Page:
Category: 19th Century

Victorian Advice on DIY Christmas Decorations

Hanging the Mistletoe by Dante Gabriel Rossetti, 1860.
(Private Collection)

For many Victorians, homemade Christmas decorations were far preferable to those bought in a store. Why spend good money on glittery trinkets when you could make something much more meaningful yourself? An article in the 1887 edition of Household Words advocates for doing just that, declaring:[…]Continue Reading

Flattering by Gaslight: Fashion Advice for Nineteenth Century Ladies

The Ball by Julius LeBlanc Stewart, 1885.

The gas-lit ballrooms of the mid- to late nineteenth century weren’t as flattering to some colors as they were to others. For example, the 1897 edition of Hill’s Manual of Social and Business Forms warns that pale shades of yellow became “muddy in appearance by gaslight,” while shades of rose simply disappeared. Similarly, most shades of purple, as well as darker shades of blues and greens, were known to “lose their brilliance in artificial light.”[…]Continue Reading

Inside a Victorian Bathing Machine

Women bathing in the sea near their bathing machines. Wood engraving by J. Leech.
(Wellcome Images)

During the Victorian era, ladies visiting the public beach couldn’t simply wade out into the water and enjoy an invigorating swim. To protect their modesty, most ladies on a seaside holiday utilized a bathing machine. Though the name puts one in mind of a mechanized device, a bathing machine was really nothing more than a wooden dressing room set up on two wheels. The interior was usually equipped with both an entry and an exit door, and generally featured benches on either side, and hooks on the walls.[…]Continue Reading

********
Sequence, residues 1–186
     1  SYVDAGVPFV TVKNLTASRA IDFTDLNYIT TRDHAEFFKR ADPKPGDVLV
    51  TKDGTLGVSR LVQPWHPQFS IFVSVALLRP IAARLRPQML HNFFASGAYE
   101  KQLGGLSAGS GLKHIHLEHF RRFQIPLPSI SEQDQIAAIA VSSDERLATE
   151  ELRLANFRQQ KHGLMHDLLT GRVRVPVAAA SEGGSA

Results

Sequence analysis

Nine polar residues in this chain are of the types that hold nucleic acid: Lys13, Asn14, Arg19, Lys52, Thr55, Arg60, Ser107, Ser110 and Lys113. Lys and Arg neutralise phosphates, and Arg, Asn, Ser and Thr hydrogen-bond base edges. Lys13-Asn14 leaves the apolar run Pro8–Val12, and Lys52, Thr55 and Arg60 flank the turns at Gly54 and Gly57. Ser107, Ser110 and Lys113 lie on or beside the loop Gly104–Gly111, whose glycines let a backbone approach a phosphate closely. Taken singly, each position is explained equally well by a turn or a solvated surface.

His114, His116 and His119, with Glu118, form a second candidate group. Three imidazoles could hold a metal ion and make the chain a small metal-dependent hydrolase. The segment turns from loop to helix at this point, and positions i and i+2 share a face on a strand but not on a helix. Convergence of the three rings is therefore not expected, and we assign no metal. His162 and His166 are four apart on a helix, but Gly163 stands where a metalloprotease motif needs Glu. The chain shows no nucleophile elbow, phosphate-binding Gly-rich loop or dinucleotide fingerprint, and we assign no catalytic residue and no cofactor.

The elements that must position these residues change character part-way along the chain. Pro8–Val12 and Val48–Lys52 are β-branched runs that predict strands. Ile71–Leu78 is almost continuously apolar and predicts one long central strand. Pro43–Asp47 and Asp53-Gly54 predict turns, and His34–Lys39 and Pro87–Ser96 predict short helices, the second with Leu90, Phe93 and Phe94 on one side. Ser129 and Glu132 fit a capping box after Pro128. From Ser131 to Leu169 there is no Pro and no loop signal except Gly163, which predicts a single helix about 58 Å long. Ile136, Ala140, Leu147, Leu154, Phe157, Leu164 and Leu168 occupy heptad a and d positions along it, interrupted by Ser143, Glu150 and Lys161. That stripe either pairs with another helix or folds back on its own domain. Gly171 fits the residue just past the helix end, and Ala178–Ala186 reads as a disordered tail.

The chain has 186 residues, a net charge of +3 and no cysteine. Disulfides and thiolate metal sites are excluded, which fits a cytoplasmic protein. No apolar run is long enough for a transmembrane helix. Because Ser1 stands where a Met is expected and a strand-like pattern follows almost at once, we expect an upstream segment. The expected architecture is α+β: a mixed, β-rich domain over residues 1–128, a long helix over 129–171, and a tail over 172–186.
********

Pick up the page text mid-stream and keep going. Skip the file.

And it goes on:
Strawberry Water, Lemon Cream, & Grape Lotion: A Victorian Sun Care Primer

Portrait of a Lady with Hat by Anton Einsle (1801-1871), n.d.

Victorian women didn’t have our knowledge of ultraviolet rays and SPF, but like us, they had a healthy respect for the damage that too much sun could wreak on their complexions. A fair, unblemished countenance was one of the hallmarks of a lady. It helped to distinguish her from the lower classes. To signal that she wasn’t obliged to engage in any outdoor labor.[…]Continue Reading

Have Carpet Bag – Will Travel

Going into the World by Evert Jan Boks (1838-1914), 1882.

Victorian ladies have a reputation for tight-laced respectability, but not all women of the era were content with home and hearth. Some ladies traveled the world, living their lives in far off lands like Egypt or India. Getting to such places was an adventure in itself. For example, a journey from London to Darjeeling in 1860 often took as long as a month and required passage on a combination of railways, steamships, dak carts, and bullock trains.[…]Continue Reading

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